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Nope, this does not work because of Nxb7 which is your queen.
However, this could be interesting:
Nope, this does not work since Nxb7 which is your queen.
Yeah, I see what you are saying. His knight would have my Queen. I missed that.
I just saw your, and yours is definitely a lot better than me as you keep the knight at bay. Nice! Also, here are the other two I was talking about:
What's the point of both 8...d4 and 8...Bd6?
Probably blunders form his opponent. But when you play blitz sometimes you can make mistakes you know.
This is one of the oldest gambits and it can be very complicated for both sides and very risky. Why would White take that risk when he has a chance to start the game first? That's why it's not being played by grand masters. However, that doesn't mean that it is not playable. To be honest, I wouldn't play this gambit in an official tournament even though I got my first win in a USCF tournament with another variation of king's gambit accepted. The funny part is that this tumbleweed variation has 100% winning rate since there are only two games in chess.com's database and the games go back to early 1900s.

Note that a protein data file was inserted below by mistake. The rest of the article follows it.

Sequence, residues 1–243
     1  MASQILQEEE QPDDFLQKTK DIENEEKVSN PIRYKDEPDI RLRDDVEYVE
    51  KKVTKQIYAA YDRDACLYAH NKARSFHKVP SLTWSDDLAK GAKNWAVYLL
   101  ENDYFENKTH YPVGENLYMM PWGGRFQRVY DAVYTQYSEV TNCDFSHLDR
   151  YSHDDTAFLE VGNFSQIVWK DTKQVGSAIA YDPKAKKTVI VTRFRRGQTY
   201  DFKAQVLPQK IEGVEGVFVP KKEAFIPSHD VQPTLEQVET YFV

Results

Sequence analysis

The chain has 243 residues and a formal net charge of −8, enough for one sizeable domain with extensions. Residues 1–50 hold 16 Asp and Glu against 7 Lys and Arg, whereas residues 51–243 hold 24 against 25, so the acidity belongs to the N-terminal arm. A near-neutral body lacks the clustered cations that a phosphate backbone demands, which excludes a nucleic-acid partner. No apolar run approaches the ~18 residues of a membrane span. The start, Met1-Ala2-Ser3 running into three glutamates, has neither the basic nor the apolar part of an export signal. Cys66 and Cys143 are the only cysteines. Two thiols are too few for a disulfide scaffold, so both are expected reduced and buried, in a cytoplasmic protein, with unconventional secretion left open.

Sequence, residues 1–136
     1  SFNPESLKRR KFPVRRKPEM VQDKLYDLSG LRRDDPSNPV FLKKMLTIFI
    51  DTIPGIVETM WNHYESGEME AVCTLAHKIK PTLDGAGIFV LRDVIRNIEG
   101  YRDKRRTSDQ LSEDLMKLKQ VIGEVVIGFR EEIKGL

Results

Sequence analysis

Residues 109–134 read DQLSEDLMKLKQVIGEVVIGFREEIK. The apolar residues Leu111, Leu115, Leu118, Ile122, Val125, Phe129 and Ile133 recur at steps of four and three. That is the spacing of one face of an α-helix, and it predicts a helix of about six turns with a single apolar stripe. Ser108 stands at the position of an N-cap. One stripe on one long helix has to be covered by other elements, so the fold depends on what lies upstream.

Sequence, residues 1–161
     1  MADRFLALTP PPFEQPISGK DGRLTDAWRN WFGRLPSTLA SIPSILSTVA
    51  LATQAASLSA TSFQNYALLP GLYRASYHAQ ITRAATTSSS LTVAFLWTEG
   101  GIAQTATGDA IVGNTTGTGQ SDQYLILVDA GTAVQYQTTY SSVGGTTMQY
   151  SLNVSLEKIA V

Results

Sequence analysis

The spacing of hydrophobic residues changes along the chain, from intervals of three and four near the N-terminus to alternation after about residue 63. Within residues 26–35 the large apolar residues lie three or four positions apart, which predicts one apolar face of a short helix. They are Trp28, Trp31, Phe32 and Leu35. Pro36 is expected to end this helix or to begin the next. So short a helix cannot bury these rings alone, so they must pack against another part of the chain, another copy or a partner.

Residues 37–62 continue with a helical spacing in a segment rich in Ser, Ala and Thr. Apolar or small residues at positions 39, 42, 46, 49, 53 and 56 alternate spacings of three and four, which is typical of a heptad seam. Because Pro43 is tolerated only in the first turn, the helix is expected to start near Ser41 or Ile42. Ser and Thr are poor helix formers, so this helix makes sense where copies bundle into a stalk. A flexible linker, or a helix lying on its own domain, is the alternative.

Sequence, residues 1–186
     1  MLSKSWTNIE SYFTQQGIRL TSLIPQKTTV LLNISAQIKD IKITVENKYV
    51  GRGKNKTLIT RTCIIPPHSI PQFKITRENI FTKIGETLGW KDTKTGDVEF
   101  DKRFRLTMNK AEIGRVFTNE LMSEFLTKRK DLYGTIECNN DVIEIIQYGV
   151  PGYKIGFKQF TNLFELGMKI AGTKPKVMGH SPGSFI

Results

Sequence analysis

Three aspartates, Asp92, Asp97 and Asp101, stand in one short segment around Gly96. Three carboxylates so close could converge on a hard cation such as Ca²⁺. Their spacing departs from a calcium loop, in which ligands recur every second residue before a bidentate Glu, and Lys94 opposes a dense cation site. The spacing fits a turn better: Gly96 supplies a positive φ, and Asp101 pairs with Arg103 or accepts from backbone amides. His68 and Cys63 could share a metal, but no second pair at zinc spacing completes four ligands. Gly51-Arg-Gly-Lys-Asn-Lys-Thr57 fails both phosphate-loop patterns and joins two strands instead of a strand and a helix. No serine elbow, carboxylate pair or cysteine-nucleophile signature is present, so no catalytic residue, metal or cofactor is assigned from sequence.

Here is a 3 minute blitz game that I just played (along with 2500 strength computer analysis);
Move 8 is a killer move in this game because Black could either lose his queen or get check mated with bishop and a rook. My opponent used most of his time on that move then he found the two bishop sacrifice.
In total he got 8 blunders in the game and I got only one and that was because of timing. After move 37 we both had about 10 seconds on our clock. You can find the details in the analysis.
WOW that king move. Why do you do that? Can somebody help me with that!!!
You must be advanced player to understand that. Let me explain:
- Dropping a pawn in the opening for nothing is called "a strong gambit" by Hope Chess fans.
- For the same reason, dropping three pawns AND wandering your king around is called "a crushing attack".
You get it now?